The HPV vaccine, sold as Gardasil in the U.S., is intended to prevent four strains of the human papillomavirus, the most common sexually transmitted infection in the world. It also prevents against cervical cancer.
Gail Javitt, Deena Berkowitz, and Lawrence O. Gostin of the Berman Institute of Bioethics at Johns Hopkins University assert that Gardasil is relatively new and long-term safety and effectiveness in the general population is unknown.
They say that outcome of those voluntarily vaccinated should be followed for several years before mandates are imposed.
According to them, the HPV vaccine does not represent a public health necessity of the type that has justified previous vaccine mandates, and thus raises Constitutional concerns.
The reviewers argue that state mandates may lead to a public backlash that will undermine both HPV vaccination efforts, and existing vaccination programs.
Shedding light on the economic consequences of mandating HPV, they note that it may have a negative impact on financial support for other vaccines and public health programs.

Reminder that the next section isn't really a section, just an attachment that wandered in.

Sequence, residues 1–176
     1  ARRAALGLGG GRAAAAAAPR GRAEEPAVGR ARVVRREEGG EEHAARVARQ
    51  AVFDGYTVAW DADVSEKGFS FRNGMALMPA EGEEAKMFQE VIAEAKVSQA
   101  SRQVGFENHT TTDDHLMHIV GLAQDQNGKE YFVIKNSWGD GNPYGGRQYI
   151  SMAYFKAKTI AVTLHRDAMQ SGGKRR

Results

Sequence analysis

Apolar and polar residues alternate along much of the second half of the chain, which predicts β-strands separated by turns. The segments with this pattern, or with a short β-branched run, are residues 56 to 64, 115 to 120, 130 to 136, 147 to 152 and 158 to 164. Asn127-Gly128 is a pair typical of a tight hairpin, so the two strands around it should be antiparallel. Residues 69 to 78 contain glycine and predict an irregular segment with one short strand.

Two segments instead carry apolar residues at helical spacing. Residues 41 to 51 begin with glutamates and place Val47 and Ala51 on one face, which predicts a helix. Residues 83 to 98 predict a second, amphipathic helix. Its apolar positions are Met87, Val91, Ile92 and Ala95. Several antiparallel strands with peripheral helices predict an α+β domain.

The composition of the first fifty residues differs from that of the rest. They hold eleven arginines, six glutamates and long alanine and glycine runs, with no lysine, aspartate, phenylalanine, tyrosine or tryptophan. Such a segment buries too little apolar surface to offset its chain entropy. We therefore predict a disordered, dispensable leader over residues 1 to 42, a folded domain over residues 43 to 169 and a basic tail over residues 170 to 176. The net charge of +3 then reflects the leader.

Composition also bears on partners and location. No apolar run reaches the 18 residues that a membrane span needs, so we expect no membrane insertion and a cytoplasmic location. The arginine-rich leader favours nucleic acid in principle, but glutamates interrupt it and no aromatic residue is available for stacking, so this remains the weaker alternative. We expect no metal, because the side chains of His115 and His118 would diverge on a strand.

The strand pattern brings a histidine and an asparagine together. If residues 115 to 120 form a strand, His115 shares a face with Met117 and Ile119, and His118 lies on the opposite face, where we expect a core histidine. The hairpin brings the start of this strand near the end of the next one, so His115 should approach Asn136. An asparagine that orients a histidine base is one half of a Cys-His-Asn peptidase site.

The reviewers insist that such consequences should be evaluated before the vaccine is mandated.
"HPV will not be the last disease that state legislatures will attempt to prevent through mandatory vaccination. This is a good time to reevaluate the criteria that should be used to mandate vaccination of children as a condition of school attendance," the authors conclude.
The article has been published in the Journal of Law, Medicine and Ethics.